“We set out to build a brand,” declares Andy Watts, “and it was totally different to Three Ships, which was much more traditional. I was looking to create something soft and easy to drink, combining the best aspects of Irish and Bourbon, in effect. It made sense to take this unique product into international markets rather than Three Ships, as it was off on a tangent on its own.
“In the beginning it was marketed as being best drunk neat or with ice, but if you go into the high-end shebeens in the South African townships you might find an expensive bottle of whisky on a table next to a bottle of Appletiser, and Bains is a very versatile drink.”
Noting that it usually takes 15 years to decide whether or not a brand has been a success, Watts says that “Bains is 10 years old next year, and it’s been the most successful launch for the company ever. It’s shown double digit growth year on year, and the World’s Best Grain Whisky awards it won in 2013 and again in 2018 have led to greater demand from overseas. I produced a 15-year-old version of Bains for Nelson Mandela’s centenary earlier this year and on the back of that we’re introducing a 15-year-old into global travel retail outlets very soon.”
In July 2016 Andy Watts was promoted from distillery manager at James Sedgwick distillery to his current role as Head of Whisky Intrinsic Excellence, and Jeff Green took over as distillery manager, having previously worked there as process manager and distiller since 2009.
As Watts explains, “I’m based at Distell’s ‘Centre of Excellence’ in Stellenbosch and also have an office at the James Sedgewick distillery. I have complete control over our South African whiskies and also work with the team in Scotland. I’m fortunate to have great people in Scotland who get on with everything. We are taking the opportunity to upgrade at some of our distilleries, with Tobermory currently in the middle of a two-year programme of work, while we’ve just fitted a new still at Bunnahabhain, where we’re also undertaking major renovations.”
On the subject of stills, Watts points out that the single malt whisky made at James Sedgwick distillery is no longer produced in former brandy stills, as in the early days. He says that “We undertook a major expansion at the distillery during 2009, making it aesthetically more pleasing and putting in two 20,000 litre pot stills at the time, based on the design of those used at Bowmore on Islay.
“We also have a column still to make grain spirit, and a five-column neutral spirit still. We tend to run two months making malt and nine months making grain, with time out for maintenance work. We do the malt during the South African winter as cooler temperatures give better fermentation. Overall, we have a capacity of 10 million litres per annum. The blending is all done on site and the whisky taken by tanker to be bottled either in Cape Town or Johannesburg.”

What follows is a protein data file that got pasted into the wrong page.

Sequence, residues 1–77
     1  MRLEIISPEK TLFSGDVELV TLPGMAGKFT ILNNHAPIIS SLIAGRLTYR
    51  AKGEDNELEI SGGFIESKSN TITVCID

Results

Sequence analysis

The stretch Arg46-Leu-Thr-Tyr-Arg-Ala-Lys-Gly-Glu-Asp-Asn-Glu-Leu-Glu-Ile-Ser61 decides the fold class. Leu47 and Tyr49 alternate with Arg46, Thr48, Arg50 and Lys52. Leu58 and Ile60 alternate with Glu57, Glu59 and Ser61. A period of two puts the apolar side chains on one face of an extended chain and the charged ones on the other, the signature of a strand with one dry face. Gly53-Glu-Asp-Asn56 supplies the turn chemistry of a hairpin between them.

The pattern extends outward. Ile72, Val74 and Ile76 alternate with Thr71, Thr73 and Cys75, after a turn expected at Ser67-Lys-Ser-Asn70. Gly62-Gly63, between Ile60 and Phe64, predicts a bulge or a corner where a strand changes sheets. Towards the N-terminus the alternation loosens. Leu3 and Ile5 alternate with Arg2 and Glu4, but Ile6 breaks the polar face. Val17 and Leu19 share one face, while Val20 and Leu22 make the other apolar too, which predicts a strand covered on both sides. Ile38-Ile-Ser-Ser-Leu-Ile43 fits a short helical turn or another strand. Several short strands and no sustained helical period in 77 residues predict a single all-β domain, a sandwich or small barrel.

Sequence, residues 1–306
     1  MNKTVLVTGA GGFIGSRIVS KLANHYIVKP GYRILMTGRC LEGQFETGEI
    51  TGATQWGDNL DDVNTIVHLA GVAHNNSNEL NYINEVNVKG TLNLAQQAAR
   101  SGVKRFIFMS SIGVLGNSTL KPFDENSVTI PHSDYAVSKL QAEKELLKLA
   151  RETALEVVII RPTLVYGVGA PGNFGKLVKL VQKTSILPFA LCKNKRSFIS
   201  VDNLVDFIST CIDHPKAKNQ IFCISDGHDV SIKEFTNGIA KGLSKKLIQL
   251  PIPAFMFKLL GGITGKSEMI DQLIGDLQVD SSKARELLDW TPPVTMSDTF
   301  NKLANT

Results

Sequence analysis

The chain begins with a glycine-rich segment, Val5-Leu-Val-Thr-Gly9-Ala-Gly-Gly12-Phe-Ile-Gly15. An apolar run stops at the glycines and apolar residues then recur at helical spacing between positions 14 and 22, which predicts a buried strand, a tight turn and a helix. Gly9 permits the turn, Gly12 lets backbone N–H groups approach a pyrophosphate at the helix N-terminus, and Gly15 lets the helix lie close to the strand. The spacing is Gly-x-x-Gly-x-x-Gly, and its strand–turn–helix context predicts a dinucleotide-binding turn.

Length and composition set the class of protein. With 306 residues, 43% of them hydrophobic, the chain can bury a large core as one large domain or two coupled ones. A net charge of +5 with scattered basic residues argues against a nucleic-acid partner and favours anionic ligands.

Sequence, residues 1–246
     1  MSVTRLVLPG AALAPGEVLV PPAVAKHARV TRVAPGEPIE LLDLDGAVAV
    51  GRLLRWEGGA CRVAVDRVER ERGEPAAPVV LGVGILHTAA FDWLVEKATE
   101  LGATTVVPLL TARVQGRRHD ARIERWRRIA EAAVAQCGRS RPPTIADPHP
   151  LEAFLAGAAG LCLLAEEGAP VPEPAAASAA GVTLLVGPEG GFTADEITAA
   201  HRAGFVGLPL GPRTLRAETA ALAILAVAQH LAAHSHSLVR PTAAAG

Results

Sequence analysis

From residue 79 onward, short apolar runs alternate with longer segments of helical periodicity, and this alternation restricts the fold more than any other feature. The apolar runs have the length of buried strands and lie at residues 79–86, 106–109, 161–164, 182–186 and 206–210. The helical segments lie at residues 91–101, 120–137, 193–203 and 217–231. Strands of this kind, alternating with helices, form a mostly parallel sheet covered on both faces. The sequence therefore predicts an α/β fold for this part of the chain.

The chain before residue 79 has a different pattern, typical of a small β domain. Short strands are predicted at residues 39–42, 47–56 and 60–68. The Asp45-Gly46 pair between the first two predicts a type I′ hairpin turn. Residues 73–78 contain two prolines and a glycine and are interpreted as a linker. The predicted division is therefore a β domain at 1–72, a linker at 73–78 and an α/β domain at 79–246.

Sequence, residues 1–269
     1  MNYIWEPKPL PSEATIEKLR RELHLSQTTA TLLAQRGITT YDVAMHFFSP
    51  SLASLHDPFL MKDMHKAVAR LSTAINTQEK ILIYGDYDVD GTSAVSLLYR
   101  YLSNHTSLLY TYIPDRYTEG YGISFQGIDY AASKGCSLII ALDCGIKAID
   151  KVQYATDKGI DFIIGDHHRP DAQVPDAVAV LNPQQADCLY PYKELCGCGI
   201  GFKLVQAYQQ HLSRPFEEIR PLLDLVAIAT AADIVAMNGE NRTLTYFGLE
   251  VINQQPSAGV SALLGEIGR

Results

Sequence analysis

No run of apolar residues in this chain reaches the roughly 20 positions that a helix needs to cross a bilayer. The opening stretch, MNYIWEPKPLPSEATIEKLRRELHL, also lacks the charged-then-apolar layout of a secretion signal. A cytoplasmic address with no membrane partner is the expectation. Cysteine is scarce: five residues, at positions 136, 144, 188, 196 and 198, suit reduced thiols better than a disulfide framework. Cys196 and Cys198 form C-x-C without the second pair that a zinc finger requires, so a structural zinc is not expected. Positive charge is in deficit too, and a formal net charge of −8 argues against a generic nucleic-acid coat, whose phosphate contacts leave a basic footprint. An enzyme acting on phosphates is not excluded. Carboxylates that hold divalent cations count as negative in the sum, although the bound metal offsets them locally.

Maize for the production of grain whisky is sourced in South Africa, and Watts explains that “Our malted barley is imported via Simpsons Malt in the UK and is in three styles, lightly peated, medium peated and heavily peated. The Three Ships Five Year Old blend has quite a lot of peatiness in it. I created it to remind me of my time on Islay.”
As Watts noted earlier, whisky consumption in South Africa has increased apace in recent years, and whisky has now replaced brandy as the top-selling spirits category by volume and value in the country. South Africa is also seventh-largest consumer of Scotch whisky in the world.
According to Watts, “The South African Whisky scene is very lively and we now have Whisky Live across four cities, with the highlight being Sandton in Johannesburg each November. Whisky is consumed across all age groups, gender and race, making it truly representative in our diverse demographic.”
Although there are two craft distilleries making whisky, James Sedgwick remains the only full-scale whisky distillery in South Africa, giving it a status similar to Kavalan, which is the sole producer of whisky in Taiwan, leading to its products having the status as ‘national’ whiskies. “I see us as part of the global whisky community,” says Andy Watts, who has done much to improve the quality of South African whisky and help establish it as a serious world player, while acting as an outstanding whisky ambassador for his adopted country.